The second study assessed the capacity of valproate to reduce the incidence of CPS when administered as the sole AED. The study compared the incidence of CPS among patients randomized to either a high or low dose treatment arm. Patients qualified for entry into the randomized comparison phase of this study only if 1) they continued to experience 2 or more CPS per 4 weeks during an 8 to 12 week long period of monotherapy with adequate doses of an AED (i.e., phenytoin, carbamazepine, phenobarbital, or primidone) and 2) they made a successful transition over a two week interval to valproate. Patients entering the randomized phase were then brought to their assigned target dose, gradually tapered off their concomitant AED and followed for an interval as long as 22 weeks. Less than 50% of the patients randomized, however, completed the study. In patients converted to divalproex sodium delayed-release tablets monotherapy, the mean total valproate concentrations during monotherapy were 71 and 123 mcg/mL in the low dose and high dose groups, respectively.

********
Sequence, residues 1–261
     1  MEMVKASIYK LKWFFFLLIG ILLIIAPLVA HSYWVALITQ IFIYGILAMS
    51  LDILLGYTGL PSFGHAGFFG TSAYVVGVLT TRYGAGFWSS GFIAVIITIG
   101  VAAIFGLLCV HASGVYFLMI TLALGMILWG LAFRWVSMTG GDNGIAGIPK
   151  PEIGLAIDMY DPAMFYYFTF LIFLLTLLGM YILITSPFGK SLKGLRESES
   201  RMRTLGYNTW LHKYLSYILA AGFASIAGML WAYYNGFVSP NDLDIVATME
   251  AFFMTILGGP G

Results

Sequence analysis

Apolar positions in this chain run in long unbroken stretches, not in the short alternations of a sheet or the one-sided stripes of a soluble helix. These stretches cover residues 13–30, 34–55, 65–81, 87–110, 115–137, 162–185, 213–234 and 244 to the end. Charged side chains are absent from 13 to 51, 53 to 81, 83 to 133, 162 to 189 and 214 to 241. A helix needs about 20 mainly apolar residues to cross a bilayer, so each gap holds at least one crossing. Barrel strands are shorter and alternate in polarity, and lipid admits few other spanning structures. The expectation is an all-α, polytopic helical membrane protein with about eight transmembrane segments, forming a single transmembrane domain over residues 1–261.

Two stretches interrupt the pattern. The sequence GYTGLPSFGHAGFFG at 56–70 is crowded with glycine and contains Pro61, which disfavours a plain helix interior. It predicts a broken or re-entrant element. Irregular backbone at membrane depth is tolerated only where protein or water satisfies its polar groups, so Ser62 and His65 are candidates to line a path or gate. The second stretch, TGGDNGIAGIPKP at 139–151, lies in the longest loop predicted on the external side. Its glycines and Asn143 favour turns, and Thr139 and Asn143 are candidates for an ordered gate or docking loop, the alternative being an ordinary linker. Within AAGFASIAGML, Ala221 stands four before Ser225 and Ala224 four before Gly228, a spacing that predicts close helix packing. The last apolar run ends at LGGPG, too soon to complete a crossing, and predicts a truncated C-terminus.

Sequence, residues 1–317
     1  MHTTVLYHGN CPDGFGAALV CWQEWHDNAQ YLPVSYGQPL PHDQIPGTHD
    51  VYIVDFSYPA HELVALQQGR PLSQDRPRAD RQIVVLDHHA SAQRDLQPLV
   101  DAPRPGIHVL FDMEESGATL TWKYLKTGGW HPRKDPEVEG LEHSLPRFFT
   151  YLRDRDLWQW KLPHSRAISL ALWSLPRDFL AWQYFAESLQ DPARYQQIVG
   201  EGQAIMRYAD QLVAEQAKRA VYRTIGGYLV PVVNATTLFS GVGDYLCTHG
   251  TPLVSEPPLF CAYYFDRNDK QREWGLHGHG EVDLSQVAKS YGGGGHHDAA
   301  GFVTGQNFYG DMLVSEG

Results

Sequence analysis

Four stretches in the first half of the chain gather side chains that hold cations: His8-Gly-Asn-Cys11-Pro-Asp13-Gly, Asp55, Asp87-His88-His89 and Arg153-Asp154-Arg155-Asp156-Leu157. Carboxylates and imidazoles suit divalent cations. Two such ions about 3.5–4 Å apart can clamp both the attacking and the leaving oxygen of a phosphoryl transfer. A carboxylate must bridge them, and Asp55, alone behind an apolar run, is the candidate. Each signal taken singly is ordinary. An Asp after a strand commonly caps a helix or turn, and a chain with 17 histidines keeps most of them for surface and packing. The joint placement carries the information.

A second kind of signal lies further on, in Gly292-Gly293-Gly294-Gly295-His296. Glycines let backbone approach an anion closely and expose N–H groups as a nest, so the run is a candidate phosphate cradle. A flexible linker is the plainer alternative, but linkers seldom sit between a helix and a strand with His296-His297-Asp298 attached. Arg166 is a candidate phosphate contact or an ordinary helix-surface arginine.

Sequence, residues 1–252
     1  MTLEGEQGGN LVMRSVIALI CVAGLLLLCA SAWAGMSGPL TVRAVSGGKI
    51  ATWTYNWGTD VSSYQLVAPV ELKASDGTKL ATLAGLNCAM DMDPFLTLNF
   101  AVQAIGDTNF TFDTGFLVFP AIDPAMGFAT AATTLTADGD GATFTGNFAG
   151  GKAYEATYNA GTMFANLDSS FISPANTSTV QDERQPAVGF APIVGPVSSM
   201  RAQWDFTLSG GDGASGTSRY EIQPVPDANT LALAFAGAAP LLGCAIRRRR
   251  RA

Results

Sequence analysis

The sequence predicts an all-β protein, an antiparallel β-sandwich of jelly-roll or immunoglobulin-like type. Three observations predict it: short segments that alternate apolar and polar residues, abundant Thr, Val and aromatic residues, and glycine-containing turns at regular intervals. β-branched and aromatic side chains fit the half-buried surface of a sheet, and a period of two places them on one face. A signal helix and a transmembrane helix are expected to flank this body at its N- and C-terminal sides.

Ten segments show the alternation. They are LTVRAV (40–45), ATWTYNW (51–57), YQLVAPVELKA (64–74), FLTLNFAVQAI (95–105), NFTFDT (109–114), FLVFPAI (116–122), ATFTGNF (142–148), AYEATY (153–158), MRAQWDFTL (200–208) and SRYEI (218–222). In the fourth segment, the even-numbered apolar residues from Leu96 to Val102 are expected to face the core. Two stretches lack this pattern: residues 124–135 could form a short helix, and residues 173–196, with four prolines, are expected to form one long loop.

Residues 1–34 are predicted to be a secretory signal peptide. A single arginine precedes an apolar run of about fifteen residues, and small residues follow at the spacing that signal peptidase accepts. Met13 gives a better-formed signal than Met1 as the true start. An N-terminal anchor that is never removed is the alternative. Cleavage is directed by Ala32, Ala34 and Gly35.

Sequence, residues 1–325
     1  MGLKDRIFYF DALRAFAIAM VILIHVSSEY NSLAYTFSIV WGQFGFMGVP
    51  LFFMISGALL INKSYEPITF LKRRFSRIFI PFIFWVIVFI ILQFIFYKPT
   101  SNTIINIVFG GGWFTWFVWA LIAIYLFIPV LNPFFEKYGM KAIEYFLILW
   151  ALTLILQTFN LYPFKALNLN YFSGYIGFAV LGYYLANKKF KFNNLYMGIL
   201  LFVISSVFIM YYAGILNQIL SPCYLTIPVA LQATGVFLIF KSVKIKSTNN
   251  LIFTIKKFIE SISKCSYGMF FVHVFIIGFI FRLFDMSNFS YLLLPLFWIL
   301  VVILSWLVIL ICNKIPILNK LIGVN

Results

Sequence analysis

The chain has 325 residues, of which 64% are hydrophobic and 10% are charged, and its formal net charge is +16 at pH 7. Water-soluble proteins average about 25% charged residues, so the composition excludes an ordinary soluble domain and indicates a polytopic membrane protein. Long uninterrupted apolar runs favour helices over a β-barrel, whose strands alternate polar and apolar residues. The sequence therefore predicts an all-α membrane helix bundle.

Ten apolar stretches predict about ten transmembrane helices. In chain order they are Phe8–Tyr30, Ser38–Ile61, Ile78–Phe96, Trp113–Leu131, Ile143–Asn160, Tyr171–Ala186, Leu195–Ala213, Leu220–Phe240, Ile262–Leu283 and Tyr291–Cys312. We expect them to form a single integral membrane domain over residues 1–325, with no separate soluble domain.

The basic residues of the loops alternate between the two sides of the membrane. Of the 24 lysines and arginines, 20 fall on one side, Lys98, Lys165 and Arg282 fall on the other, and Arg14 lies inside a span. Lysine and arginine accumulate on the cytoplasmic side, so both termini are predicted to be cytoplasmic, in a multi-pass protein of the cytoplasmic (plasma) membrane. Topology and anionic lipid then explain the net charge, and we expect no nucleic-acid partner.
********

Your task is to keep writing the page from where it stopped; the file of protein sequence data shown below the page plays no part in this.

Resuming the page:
The following table presents the findings for all patients randomized who had at least one post-randomization assessment.
Number of Patients
Randomized Phase Incidence
High dose Valproate
Low dose Valproate
Figure 2 presents the proportion of patients (X axis) whose percentage reduction from baseline in complex partial seizure rates was at least as great as that indicated on the Y axis in the monotherapy study. A positive percent reduction indicates an improvement (i.e., a decrease in seizure frequency), while a negative percent reduction indicates worsening. Thus, in a display of this type, the curve for a more effective treatment is shifted to the left of the curve for a less effective treatment. This figure shows that the proportion of patients achieving any particular level of reduction was consistently higher for high dose valproate than for low dose valproate. For example, when switching from carbamazepine, phenytoin, phenobarbital or primidone monotherapy to high dose valproate monotherapy, 63% of patients experienced no change or a reduction in complex partial seizure rates compared to 54% of patients receiving low dose valproate.
Information on pediatric studies is presented in section 8.